A photo of Suzanne Simard speaking on a stage

I was given Suzanne Simard’s Finding the Mother Tree: Uncovering the Wisdom and Intelligence of the Forest by a friend who knows me well.

She was undoubtedly thinking of the many times she’s been subjected to – being more of a geology fan herself – my enthusiasm for the latest discovery about the complex ecology of soils and their place as the foundation of life.

And there’s lots of that new, cutting edge science in Simard’s book – as could only be expected from the woman whose 1997 PhD thesis explained the massive, hugely important discovery that she’d made in her research, what’s come to be known as the “world wide wood”. Put simply, trees communicate with each other – sharing warnings of dangers such as predators or pollution, sharing nutrients with each other – deciduous and evergreens swapping capacity through the year – through the mechanism of fungi in the soil, fungi that is also crucial to their health and growth.

That’s together with wonderful, if sometimes gruesome, stories about the immense complexity of what’s going on in healthy soils – which contain a billion organisms in a teaspoon. Science fiction filmmakers haven’t come up with new ideas:

Mycorrhizal fungal threads growing from the tips of roots could invade the stomachs of soil-dwelling springtails feeding on decaying plant litter. The threads sucked the nitrogen straight out of the springtail stomachs and delivered it directly to their plant partners. The springtails, of course, suffered a horrible death.

My fascination with these developments comes not just from their importance – given the massive destruction of these systems so crucial to our food security and climate inflicted on them through use of pesticides, industrial monoculture and ploughing – but is also personal. I studied soil science three decades ago – I even got a high distinction in the subject at Sydney University – but it was taught entirely as a chemistry subject. Description of life in the soil didn’t get beyond earthworms. That such a foundational subject was so misunderstood is a powerful reminder of how the reductionism that’s driven scientific thinking for decades has led us do profoundly astray.

Finding the Mother Tree is not, however, primarily about the science on which Simard made so much progress. Rather, it is about the process of discovery, and the massive barriers that stood in the way of the scientific progress that she spearheaded.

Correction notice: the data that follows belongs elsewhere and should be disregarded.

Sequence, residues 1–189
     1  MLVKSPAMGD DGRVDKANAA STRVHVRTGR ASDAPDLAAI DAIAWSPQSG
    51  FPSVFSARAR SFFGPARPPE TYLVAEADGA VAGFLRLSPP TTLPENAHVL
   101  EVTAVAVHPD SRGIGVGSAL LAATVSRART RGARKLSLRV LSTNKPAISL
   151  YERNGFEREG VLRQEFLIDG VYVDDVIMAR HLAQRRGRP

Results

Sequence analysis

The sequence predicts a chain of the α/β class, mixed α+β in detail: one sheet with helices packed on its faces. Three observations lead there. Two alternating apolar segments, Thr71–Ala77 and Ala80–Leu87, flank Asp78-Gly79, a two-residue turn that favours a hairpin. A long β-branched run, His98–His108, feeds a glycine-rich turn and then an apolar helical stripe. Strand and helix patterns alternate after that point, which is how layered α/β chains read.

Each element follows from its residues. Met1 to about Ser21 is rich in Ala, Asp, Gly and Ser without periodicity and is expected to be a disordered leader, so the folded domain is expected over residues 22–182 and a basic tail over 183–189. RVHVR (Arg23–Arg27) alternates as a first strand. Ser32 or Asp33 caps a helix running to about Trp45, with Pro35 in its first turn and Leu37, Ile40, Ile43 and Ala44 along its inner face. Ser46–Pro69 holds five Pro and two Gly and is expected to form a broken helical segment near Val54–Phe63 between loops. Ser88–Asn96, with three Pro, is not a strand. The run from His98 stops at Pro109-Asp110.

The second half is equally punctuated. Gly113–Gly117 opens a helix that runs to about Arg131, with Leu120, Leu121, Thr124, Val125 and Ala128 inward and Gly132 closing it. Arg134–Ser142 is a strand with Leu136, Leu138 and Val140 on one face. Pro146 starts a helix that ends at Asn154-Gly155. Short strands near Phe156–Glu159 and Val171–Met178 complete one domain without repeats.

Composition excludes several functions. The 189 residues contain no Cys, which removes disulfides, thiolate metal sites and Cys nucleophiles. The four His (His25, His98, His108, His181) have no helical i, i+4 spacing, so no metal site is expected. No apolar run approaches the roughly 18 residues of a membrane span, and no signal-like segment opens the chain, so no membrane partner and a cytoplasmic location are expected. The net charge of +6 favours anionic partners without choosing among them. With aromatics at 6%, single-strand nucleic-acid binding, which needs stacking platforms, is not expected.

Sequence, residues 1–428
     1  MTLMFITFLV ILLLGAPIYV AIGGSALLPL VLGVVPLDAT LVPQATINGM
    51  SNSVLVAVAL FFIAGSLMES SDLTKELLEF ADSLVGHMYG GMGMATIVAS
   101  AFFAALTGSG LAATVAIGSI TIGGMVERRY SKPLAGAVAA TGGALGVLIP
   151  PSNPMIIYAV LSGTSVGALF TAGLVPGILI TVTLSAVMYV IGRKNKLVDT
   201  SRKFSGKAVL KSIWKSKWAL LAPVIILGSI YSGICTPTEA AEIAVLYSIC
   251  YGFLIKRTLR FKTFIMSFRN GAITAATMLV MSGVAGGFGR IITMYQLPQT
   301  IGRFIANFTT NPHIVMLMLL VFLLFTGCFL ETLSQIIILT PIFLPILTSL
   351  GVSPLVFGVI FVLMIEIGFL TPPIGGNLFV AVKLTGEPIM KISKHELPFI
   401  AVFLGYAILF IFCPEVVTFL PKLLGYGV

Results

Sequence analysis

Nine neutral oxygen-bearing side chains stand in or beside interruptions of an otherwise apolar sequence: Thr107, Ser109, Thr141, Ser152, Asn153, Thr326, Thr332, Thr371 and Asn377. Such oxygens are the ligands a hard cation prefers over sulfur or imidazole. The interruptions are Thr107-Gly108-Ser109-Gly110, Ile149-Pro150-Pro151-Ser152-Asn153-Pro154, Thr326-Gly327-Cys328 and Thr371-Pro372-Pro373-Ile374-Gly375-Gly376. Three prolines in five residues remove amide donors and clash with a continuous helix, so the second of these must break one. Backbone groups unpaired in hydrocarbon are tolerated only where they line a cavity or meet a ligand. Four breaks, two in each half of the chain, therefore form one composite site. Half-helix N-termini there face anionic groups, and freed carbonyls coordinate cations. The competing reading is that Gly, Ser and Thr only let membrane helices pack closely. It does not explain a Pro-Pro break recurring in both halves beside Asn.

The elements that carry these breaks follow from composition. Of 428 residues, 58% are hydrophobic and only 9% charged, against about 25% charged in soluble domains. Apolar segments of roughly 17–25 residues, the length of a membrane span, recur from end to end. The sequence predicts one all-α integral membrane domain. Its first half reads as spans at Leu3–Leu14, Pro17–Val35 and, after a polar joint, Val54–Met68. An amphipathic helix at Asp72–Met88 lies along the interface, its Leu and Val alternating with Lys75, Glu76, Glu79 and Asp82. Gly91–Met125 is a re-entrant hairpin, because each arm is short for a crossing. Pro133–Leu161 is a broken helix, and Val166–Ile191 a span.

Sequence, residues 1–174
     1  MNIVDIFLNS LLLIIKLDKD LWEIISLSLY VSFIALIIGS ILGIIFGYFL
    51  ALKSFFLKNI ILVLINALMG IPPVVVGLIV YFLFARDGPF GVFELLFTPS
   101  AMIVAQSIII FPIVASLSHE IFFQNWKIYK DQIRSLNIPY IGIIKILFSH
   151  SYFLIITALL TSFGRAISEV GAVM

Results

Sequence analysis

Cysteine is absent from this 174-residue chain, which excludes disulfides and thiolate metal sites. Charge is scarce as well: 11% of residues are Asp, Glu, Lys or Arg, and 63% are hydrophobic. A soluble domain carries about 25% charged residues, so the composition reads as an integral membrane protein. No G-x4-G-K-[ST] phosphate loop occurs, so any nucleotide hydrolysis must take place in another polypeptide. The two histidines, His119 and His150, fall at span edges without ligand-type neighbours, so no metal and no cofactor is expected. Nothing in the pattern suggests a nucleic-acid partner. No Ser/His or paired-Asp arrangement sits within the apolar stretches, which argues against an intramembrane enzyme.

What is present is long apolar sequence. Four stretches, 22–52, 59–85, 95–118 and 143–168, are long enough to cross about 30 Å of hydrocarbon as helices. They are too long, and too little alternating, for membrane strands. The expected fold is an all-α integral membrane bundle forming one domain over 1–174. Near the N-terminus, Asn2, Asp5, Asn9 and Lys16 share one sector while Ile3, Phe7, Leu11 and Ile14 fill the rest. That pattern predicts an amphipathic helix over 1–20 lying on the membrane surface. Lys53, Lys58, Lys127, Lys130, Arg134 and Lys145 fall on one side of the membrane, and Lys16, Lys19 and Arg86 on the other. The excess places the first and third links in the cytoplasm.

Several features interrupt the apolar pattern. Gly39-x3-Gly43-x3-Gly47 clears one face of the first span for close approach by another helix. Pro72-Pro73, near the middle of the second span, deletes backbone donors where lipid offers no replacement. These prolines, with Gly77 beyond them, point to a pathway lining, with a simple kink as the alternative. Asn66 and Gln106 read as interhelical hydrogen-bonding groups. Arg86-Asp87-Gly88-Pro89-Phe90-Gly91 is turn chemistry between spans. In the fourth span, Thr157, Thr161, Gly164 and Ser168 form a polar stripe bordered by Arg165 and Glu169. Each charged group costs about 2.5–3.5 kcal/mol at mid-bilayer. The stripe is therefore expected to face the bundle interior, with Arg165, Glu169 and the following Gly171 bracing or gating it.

And how gender discrimination remains a massive issue in science – which makes me also think of my two best friends from those university days, women who both went on to do PhD, one with extra post-doctoral research in Cambridge, neither of whom are now in a position to use those qualifications.

More, it is about the difficulty of progressing in science, and science policy – how entrenched interests, human and financial, stand in the way of scientific discovery.

I’ve long thought that every academic paper should begin with a statement from the author or authors about their social, economic and professional interests in the subject – and a statement about “why I am asking this question”. For until we acknowledge that there’s no such thing as bases, neutral, objective science, then there’s a great flaw at the heart of our efforts to understand our world.

But that makes the Finding the Mother Tree sound dry, and it is anything but that. Rather it is an autobiography, a personal story of a life extremely well lived, of family and community, of the community of innovative scientists stretching around the globe. And it is a story of love – of environment, family and friends.

In the House of Lords I’ve recently been working on the Bill that will create the Advanced Research and Innovation Agency. And trying to suggest that – rather than shiny new high-tech gizmos it should be focused on research such as Simard’s.

And that would have direct , practical application on how we manage our land, and our lives. For the latest developments in Simard’s work provide the title for the book. The “mother tree” refers to her and others’ recent discoveries that trees nurture the young seedlings growing in their vicinity that are their own descendants, preferentially supporting them through drought and disease, boosting their growth and development.

And that’s given me a new way to think about tree management in the UK, something that through the Save Sheffield Trees struggle I’ve developed quite an interest in. One outcome of that was greater clarity about the importance of trees to human wellbeing.

But we still say that when it is clear that a tree is dying, well sadly it has to be felled. Of course we’ve got to make sure trees aren’t a threat to human wellbeing during their dying days, but maybe we need to think harder about how we might allow trees to nurture their next generation as they die, rather than hastily grubbing them out.

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Image credit: TED Conference – Creative Commons